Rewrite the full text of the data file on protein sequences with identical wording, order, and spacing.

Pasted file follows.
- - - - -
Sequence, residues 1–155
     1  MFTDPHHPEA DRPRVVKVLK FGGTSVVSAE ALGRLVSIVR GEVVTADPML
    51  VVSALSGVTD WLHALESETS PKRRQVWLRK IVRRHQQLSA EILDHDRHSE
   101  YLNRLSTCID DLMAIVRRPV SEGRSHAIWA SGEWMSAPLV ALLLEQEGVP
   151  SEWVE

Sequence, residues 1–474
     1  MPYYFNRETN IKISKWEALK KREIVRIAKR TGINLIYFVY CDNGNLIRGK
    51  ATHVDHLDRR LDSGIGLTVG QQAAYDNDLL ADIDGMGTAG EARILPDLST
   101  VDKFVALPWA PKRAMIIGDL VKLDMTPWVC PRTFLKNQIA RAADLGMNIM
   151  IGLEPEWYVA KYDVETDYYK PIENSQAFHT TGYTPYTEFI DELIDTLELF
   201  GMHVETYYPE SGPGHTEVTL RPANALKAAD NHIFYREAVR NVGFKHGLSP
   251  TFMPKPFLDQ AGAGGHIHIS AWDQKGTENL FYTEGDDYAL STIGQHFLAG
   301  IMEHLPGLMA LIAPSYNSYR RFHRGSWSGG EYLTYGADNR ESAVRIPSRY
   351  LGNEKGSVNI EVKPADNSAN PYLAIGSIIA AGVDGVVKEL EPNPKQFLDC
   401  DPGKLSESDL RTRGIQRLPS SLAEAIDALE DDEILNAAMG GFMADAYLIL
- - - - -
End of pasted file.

Sequence, residues 1–155
     1  MFTDPHHPEA DRPRVVKVLK FGGTSVVSAE ALGRLVSIVR GEVVTADPML
    51  VVSALSGVTD WLHALESETS PKRRQVWLRK IVRRHQQLSA EILDHDRHSE
   101  YLNRLSTCID DLMAIVRRPV SEGRSHAIWA SGEWMSAPLV ALLLEQEGVP
   151  SEWVE

Sequence, residues 1–474
     1  MPYYFNRETN IKISKWEALK KREIVRIAKR TGINLIYFVY CDNGNLIRGK
    51  ATHVDHLDRR LDSGIGLTVG QQAAYDNDLL ADIDGMGTAG EARILPDLST
   101  VDKFVALPWA PKRAMIIGDL VKLDMTPWVC PRTFLKNQIA RAADLGMNIM
   151  IGLEPEWYVA KYDVETDYYK PIENSQAFHT TGYTPYTEFI DELIDTLELF
   201  GMHVETYYPE SGPGHTEVTL RPANALKAAD NHIFYREAVR NVGFKHGLSP
   251  TFMPKPFLDQ AGAGGHIHIS AWDQKGTENL FYTEGDDYAL STIGQHFLAG
   301  IMEHLPGLMA LIAPSYNSYR RFHRGSWSGG EYLTYGADNR ESAVRIPSRY
   351  LGNEKGSVNI EVKPADNSAN PYLAIGSIIA AGVDGVVKEL EPNPKQFLDC
   401  DPGKLSESDL RTRGIQRLPS SLAEAIDALE DDEILNAAMG GFMADAYLIL